I am having this conversation/argument with couple of my colleagues about “living life”. They are arguing that living life is about doing exciting things such as Surfing, Skiing, And Mountain climbing etc. Unfortunately I don’t see the excitement in any of these things and any of the above activities would bore me within few minutes. (Add the fact that I suck in all most all of them) It maybe due to the fact that I was brought up in a country where day to day living was a more of challenge than getting on a board and riding waves.
“Living life” is all about taking risks so that you do things which are inherently risky but gives a rush of adrenalin? Or am I a just a boring old fart? Is it worth taking all these risks in life just to make sure that you are living life to fullest?
Do the things you enjoy. Doing things, especially risky things, out of fear that you’re not living the best possible life…is not living the best possible life.
I’ve known a number of people who have to busy themselves every moment of their lives, work, hobbies, whatever. Must. Be. Busy. If that’s really what they want to do, more power to them. If they enjoy it, great. But if it’s because they’re afraid of what happens in their head when they’re not doing those things, BAD.
Some people need that constant adrenaline to feel alive.
Me personally, what I’ve learned is that the real joy of life isn’t the big moments, it’s the everyday small moments. Big moments can become an addiction, seeking ever more, ever bigger. It can distort your life, just like any other addiction.
I’m not into sky diving and things like that. I will try them if I get the chance, but it is not a lifestyle for me.
I believe that ‘living life to the fullest’ means actually doing some meditation about what pleasure and joy is to you in life, and then going after it with gusto. I believe that it is about learning to savor and taste the moment and learning to find savory flavor in all kinds of moments that a lot of people might miss, because they never took the time to meditate life at all.
When my best friend and I vacation, we skip the resort crap and find the grittiest ghettoes and the grimiest urban centers. The energy and art and music and food, etc., that we find there is the best of life to us. Our vacations look very different than people whose vacations mean surfing and rock climbing.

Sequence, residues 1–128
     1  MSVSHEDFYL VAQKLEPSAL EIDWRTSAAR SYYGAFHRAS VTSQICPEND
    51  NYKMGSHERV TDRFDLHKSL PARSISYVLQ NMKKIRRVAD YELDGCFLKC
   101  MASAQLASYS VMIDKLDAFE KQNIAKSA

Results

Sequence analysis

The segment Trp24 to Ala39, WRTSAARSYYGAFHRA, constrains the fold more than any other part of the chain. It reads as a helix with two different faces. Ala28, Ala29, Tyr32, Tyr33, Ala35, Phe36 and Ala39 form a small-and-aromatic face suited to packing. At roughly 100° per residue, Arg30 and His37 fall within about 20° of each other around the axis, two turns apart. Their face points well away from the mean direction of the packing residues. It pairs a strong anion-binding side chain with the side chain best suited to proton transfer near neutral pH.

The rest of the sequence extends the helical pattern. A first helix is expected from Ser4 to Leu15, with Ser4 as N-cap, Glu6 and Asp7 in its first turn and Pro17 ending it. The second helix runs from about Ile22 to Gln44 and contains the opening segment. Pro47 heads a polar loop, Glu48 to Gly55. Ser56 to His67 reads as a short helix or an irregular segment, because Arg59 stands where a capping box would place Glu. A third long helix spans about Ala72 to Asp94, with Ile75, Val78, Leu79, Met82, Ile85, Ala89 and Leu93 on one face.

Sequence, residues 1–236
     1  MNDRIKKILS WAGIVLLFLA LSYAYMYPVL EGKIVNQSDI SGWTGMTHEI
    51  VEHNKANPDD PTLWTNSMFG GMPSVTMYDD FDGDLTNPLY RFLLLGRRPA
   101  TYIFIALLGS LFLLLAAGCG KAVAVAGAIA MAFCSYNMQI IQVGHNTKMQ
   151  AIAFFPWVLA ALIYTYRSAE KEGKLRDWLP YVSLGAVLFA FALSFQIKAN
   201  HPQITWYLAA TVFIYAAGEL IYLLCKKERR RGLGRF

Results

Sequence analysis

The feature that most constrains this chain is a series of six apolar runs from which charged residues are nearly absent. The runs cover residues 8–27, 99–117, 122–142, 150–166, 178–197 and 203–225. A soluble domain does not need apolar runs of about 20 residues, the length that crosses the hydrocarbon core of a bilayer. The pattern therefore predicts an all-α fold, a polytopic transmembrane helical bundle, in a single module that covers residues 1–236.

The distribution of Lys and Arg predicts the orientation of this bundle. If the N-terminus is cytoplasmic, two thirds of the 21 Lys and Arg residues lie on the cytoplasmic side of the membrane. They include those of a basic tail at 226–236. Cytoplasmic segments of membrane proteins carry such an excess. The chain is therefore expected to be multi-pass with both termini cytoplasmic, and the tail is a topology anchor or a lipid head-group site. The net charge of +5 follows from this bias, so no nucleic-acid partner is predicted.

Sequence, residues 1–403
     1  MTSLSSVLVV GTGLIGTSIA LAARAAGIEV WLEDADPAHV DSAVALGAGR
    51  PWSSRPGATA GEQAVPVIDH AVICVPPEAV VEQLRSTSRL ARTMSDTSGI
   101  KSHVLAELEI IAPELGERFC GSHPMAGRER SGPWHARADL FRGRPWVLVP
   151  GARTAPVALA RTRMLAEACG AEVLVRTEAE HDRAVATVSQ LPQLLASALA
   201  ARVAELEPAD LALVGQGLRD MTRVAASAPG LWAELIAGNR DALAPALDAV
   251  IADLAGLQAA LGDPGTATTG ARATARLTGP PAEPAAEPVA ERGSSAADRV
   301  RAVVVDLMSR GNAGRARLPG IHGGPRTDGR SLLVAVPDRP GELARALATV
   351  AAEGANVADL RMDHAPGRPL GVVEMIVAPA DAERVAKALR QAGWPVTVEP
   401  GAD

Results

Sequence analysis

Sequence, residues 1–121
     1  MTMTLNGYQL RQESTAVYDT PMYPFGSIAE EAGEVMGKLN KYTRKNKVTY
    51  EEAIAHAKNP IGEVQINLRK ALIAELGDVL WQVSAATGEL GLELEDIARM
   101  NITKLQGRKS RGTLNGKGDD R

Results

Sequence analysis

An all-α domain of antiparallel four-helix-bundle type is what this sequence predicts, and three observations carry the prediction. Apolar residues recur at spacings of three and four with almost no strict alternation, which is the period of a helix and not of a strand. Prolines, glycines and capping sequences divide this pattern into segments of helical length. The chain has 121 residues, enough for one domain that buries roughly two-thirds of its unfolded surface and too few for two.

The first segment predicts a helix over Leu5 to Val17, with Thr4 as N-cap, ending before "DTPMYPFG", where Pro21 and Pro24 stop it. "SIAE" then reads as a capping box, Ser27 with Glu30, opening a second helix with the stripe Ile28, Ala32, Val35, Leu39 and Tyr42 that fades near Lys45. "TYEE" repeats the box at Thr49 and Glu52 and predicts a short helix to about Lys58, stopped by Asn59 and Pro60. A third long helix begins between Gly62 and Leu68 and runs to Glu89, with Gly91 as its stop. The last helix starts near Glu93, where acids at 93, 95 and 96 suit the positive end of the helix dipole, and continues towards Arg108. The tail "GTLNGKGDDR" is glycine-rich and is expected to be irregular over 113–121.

Thrill seeking brings adreniline, sure, but there are other ways to get that fix than jumping from planes. Although jumping from planes sounds fun.
It’s not what particular brand of living life to the fullest you prefer, it’s just that you don’t get so stuck in the day-to-day that you forget to do what you love. You should be passionate about something, and be willing to take the chance to fulfill those passions.
I love something. I love travel. And I do it. People ask me all the time how I manage. They say they don’t have the time or the money. They say they wish they could do what I do, but that they can’t.
It’s almost never true. The thing they lack is the will. It takes a little risk to do most of the things that are worthwhile in this life. And too many people don’t have the guts to take these risks. So they will always have an ordinary life.
So they work Monday-Friday, look forward to a weekend BBQ, and do it all again until the day they retire.
Life has a ton to offer (especially for us first world types), you just have to figure out what you want and have a little bit of will to go get it.
This sums up the situation I am talking about. Every Monday morning we discuss what we did during the weekend. My weekend would be a nice book, watching football, lots of food , time with my partner and a long walk. Compare this with surfing, wind surfing, hiking and running weekend for a colleague of mine, obvious conclusion is that I am wasting my life. After all there are only X number of years left and every weekend counts!!